In response to:

False Alarm: The Libertarian Revolution Has Not Begun

Arley2 Wrote: Apr 20, 2013 1:17 PM
"My job is to somehow figure out how we can shrink the federal government back to 3 percent of economic output. After that, the theoretical libertarians can figure out the thorny issues." Even shrinking the FEDS back to 10% would be a magic..............and do magic in the economy.
Dean197 Wrote: Apr 22, 2013 12:02 PM
The reason we'll never have an officially libertarian state is that a little economic libertarianism goes such a long way that people will quickly be too satisfied with the prosperity they've gained to want much more.
Vic156 Wrote: Apr 20, 2013 6:54 PM
kgrammer Wrote: Apr 20, 2013 2:50 PM
Troglodite Wrote: Apr 20, 2013 1:43 PM
The reference to "theoretical libertarians" inadvertently points to one of the biggest issues that conservatives have with libertarians: they are all too often guided by their own theories, rather than by historical experience. And because they are so intellectually principled, they think of themselves as having rigor and integrity, while others look and see pedantry and arrogance. It is worth recalling that the authors of the American constitution, who gave us history's most successful example of a long-surviving free republic, largely ignored theory in favor of historical experience. The theorists, on the other hand, were the ones who gave mankind the French Revolution and its legacy.
Stuart95 Wrote: Apr 20, 2013 2:15 PM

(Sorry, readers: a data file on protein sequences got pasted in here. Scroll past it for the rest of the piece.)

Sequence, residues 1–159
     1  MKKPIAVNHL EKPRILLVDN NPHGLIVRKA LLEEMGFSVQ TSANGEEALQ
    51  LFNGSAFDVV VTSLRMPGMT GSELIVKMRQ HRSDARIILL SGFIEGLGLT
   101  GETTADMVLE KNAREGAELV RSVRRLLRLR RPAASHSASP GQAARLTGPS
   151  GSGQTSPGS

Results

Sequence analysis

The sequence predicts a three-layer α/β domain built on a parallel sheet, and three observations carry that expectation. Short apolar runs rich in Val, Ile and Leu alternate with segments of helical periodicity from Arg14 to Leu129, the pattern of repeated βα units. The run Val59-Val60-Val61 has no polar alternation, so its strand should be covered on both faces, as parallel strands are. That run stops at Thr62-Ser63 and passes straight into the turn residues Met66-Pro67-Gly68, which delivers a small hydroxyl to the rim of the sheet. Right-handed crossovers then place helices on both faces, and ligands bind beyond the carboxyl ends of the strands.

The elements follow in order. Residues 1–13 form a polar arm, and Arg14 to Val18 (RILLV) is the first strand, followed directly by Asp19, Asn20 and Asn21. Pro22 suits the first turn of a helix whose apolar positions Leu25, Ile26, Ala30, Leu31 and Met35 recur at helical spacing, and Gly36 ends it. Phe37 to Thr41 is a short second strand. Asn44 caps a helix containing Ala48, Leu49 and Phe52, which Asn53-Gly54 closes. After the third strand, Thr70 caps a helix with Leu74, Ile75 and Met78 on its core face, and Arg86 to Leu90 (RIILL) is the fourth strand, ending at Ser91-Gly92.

It's true that libertarians are guided by their theories, though some may argue that principles is a better word than theories. But history is a collection of societies that have collapsed because their government eventually ran amok in their attempts to perfect and control their citizens.

Thus it happens that history supports libertarians' theories of limited, unintrusive government. That is not a coincidence.
Fuzzy2 Wrote: Apr 20, 2013 2:19 PM
Oh you hedonist, Stuart!

Just kidding
Troglodite Wrote: Apr 20, 2013 2:25 PM

If historical experience supports a theory, then it is not just a theory. On the other hand, I do see some examples today of what strikes me as theorizing not only not based on experience, but counter to it. For example, at least some libertarians seem led by their theories ("principles") to oppose laws against incest or to favor gay marriage. I doubt that any society has had a government whose descent into tyranny, collecxtivism, and mass murder started with opposition to incest or gay marriage. No "theory" of government can be said to stand the test of experience if it does not assign the proper value to the "bourgeois virtues" and the means of their transmission.
Stuart95 Wrote: Apr 20, 2013 3:11 PM
Everyone seems to have their horror stories about libertarians, and indeed there may be as many weirdos in the libertarian ranks as in the Democrat Party.

But behind the small-l libertarianism is a tremendous amount of serious, scholarly work. You can start with just about any famous dead economist, not counting Keynes.

For beginners I recommend Milton Friedman's "Free to Choose".
Troglodite Wrote: Apr 20, 2013 3:44 PM
All true. The "fit" between libertarianism and economics is noteworthy.

I just saw a headline that made me think that libertarian fantasies somehow had turned into reality.

As you can see, 24 IRS employees were just arrested for stealing. But what about the other 105,976 bureaucrats at the Internal Revenue Service who seize our money under the implied threat of violence?

Shouldn’t they be arrested for stealing from us as well?

IRS Employees arrested

But then my bubble burst. The story has nothing to do with the injustice of the internal revenue code and the shakedown...